Stolze holds a Bachelor of Arts degree in international political economics and Chinese from Carthage College; an MBA from Lindenwood University, a Master of Arts in biblical studies from Wheaton College; and a Ph.D. in business administration - logistics from the University of Tennessee-Knoxville.
Supply chain management is about making products available. It's complex, and it’s about problem solving. But what also comes with that is an enormous opportunity to impact people's lives, both within the organization throughout the world especially in regions where it is more challenging to deliver goods and services. So when you think about opportunities for people to have careers and grow corporately, for me, supply chain management is where it all happens, — Hannah Stolze
Interest in supply chain began to form during her Army career, Stolze says.
“At the end of the day, supply chain is all about product availability. In the Army, soldiers always need food, clothing and ammunition, and you never want to run out of those three things,” she explains. “So, I observed the process of making sure we always had the essential things we needed — and it was all dependent upon a process that worked to get those items to us. Supply chain management is what makes it all happen, and a well functioning process is critical.”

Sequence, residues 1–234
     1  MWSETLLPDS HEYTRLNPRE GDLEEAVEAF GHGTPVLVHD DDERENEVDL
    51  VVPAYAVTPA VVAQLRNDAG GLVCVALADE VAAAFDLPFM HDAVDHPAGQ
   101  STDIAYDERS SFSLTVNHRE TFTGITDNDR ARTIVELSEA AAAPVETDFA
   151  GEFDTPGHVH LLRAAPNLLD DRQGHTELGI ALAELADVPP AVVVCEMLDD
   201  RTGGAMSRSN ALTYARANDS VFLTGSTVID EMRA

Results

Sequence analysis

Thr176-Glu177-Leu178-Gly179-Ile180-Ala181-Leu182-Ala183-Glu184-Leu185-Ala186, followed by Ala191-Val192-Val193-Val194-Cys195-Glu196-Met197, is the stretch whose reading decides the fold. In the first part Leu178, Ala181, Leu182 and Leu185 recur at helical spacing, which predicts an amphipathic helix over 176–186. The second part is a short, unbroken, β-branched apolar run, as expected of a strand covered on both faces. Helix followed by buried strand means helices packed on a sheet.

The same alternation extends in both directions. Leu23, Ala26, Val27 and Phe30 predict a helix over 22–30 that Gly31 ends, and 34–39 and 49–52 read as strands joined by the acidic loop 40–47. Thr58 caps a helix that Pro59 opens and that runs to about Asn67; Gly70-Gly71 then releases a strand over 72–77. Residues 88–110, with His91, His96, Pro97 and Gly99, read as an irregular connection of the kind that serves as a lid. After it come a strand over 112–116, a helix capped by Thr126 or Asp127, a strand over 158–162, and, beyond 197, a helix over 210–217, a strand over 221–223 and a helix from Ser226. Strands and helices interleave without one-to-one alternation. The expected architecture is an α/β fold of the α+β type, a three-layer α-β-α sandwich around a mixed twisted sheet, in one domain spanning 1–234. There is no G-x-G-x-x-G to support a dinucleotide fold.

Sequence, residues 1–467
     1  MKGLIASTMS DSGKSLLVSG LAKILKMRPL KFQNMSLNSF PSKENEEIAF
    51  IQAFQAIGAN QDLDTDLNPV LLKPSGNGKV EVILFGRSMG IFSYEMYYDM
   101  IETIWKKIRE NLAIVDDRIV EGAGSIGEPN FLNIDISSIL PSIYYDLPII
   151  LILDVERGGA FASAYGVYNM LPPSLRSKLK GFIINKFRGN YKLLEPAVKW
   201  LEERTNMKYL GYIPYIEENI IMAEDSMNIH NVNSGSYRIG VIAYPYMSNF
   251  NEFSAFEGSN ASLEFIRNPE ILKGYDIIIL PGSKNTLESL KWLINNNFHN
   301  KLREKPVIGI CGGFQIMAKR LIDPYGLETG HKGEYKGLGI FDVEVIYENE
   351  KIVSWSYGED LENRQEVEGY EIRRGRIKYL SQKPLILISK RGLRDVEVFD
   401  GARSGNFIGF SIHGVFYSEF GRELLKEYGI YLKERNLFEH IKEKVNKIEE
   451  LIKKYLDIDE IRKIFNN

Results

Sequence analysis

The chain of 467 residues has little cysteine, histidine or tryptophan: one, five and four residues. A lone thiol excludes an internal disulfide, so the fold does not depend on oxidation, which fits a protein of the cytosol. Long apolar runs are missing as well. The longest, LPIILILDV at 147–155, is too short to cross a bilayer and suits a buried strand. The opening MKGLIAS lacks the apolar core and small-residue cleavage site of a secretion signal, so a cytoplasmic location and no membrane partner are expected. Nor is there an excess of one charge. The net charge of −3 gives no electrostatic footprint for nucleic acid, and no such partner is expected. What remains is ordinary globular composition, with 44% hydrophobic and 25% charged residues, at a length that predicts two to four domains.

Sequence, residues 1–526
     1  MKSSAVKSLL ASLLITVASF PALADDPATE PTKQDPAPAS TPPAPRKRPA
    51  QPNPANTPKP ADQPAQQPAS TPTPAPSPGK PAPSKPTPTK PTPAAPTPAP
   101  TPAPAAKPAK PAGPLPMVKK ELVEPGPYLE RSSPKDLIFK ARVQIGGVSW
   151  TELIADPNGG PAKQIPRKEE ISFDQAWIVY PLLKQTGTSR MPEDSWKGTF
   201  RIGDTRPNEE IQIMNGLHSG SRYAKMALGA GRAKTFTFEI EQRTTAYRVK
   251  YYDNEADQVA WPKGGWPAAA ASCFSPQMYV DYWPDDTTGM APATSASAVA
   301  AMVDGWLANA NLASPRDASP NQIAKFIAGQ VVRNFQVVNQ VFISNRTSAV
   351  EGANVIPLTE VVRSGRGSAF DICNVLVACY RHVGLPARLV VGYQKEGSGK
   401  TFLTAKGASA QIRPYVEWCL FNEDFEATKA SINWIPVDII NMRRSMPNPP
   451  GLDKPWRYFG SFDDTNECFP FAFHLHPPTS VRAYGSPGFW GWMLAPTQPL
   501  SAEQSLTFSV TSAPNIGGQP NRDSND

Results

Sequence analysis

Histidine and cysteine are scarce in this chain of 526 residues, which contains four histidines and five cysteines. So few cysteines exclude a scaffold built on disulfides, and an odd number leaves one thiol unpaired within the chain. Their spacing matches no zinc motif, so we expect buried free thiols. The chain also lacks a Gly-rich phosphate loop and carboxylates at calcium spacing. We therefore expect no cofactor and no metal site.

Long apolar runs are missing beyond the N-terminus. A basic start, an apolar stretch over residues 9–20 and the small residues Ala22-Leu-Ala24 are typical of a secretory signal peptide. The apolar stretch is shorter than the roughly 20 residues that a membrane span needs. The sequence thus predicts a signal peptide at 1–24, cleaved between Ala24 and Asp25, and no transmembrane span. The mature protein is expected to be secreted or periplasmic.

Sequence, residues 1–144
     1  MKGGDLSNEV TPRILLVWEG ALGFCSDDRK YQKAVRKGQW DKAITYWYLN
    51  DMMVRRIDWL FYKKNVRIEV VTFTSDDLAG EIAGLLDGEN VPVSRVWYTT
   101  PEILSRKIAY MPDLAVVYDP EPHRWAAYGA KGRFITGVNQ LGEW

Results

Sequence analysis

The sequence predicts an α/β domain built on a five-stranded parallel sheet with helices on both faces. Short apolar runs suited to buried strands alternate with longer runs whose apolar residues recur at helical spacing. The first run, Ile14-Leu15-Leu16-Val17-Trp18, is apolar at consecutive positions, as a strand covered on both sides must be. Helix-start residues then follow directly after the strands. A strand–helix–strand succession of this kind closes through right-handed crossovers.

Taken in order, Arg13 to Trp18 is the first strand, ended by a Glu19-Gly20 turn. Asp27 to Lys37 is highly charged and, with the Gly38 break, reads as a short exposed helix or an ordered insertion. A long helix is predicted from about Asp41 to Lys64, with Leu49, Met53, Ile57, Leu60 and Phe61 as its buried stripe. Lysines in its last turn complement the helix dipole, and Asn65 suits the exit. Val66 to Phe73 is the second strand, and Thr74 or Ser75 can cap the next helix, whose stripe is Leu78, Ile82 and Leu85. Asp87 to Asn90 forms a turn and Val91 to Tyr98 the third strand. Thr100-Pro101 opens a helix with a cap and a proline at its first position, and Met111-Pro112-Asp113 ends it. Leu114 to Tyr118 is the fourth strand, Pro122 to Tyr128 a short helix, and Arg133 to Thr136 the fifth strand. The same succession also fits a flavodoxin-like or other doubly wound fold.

Marketing may bring customers to the table, but Stolze says that does not matter if an organization cannot get the product to its customers.
“Supply chain management is about making products available. It's complex, and it’s about problem solving. But what also comes with that is an enormous opportunity to impact people's lives, both within the organization throughout the world especially in regions where it is more challenging to deliver goods and services. So when you think about opportunities for people to have careers and grow corporately, for me, supply chain management is where it all happens,” she says.
The supply chain is a global operation as Stolze said it is difficult to find a system that involves a single nation. She said supply chain management involves much more than merely understanding manufacturing and logistics processes.